Curtis posted Mr. “X”’s full e-mail on his blog with permission from the writer provided that the writer’s name and some other information were withheld. Mr. X explained that the problem with the design of “lies less in our competency (or lack thereof, as you pointed out in your post) and more with the culture and processes employed here at American Airlines” (Curtis, May 22, 2009). He then describes the many people and departments involved in the website that resulted in a product lacking cohesion and focus:

The group running consists of at least 200 people spread out amongst many different groups, including, for example, QA, product planning, business analysis, code development, site operations, project planning, and user experience. We have a lot of people touching the site, and a lot more with their own vested interests in how the site presents its content and functionality. Fortunately, much of the public-facing functionality is funneled through UX, so any new features you see on the site should have been vetted through and designed by us before going public.

However, there are large exceptions. For example, our Interactive Marketing group designs and implements fare sales and specials (and doesn’t go through us to do it), and the Publishing group pushes content without much interaction with us… Oh, and don’t forget the AAdvantage team (which for some reason, runs its own little corner of the site) or the international sites (which have a lot of autonomy in how their domains are run)… Anyway, I guess what I’m saying is that is a huge corporate undertaking with a lot of tentacles that reach into a lot of interests. It’s not small, by any means. (Curtis, May 22, 2009)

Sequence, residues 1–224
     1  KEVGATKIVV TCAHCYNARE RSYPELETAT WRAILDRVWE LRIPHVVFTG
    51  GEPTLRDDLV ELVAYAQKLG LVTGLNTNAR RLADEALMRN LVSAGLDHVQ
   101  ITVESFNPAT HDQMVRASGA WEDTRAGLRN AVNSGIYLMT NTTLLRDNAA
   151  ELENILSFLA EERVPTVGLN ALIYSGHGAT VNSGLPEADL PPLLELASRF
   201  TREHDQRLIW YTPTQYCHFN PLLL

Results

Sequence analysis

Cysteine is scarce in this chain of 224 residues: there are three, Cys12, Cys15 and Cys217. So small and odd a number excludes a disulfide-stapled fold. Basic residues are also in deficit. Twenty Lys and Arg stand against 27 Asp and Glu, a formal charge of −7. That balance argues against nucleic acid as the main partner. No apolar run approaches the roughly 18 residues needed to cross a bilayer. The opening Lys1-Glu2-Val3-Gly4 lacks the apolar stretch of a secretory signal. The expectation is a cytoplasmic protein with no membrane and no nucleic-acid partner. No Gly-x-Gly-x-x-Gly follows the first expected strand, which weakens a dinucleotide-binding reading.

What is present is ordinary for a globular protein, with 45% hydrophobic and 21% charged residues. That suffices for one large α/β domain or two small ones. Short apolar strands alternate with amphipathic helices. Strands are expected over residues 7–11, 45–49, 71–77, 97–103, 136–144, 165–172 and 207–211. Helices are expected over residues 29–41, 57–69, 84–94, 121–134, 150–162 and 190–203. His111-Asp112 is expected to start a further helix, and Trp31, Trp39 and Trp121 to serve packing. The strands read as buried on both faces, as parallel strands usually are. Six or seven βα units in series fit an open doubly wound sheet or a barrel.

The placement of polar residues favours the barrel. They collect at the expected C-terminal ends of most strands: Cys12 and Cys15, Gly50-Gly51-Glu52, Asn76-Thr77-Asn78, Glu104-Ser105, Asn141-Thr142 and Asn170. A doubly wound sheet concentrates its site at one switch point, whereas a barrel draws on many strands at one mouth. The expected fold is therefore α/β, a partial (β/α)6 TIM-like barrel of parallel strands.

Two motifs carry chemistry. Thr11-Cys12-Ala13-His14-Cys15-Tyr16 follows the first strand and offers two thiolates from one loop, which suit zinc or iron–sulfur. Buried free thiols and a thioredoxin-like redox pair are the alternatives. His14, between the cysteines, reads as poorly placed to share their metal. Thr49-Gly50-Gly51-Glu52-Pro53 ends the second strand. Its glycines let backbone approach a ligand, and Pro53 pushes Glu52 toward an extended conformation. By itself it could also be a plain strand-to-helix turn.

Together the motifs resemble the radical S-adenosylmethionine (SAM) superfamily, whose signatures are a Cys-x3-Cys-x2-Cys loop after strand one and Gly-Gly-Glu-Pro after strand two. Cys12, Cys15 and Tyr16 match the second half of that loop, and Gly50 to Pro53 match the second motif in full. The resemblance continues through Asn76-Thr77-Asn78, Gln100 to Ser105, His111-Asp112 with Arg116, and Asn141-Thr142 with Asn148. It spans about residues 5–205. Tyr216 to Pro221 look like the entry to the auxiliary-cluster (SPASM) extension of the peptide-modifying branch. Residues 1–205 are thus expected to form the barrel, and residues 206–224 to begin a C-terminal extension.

Mr. X’s main point is that while redesigning a Web page is easy, “those of us who work in enterprise-level situations realize the momentum even a simple redesign must overcome.” The momentum he is referencing is fueled by the many outside voices that can impact or derail the success of a writing project. Momentum becomes negative when the outside voices hijack the project rather than work in a coordinated or collective collaborative fashion. Collective collaboration, as explained in Chapter 1 occurs when each person contributes to a project in coordination with everyone else. Such collaboration assumes both serial (each person contributes to a project in sequence) and parallel (each person contributes to a project concurrently) collaboration. The unfortunate result of an uncoordinated review process is the implementation of all stakeholder requests such that the project loses a unified focus. For the consumer, who is the forgotten audience in a review gone wild, the result can be an incomprehensible document, website, or other information product.